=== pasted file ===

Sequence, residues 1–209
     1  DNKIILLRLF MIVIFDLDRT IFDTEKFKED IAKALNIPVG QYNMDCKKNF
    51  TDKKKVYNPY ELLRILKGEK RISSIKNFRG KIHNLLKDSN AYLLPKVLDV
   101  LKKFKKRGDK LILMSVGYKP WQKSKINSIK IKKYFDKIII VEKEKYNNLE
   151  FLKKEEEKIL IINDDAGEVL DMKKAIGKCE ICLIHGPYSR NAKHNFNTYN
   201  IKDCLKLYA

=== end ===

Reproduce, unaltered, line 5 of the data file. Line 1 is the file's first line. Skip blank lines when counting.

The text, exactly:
   151  FLKKEEEKIL IINDDAGEVL DMKKAIGKCE ICLIHGPYSR NAKHNFNTYN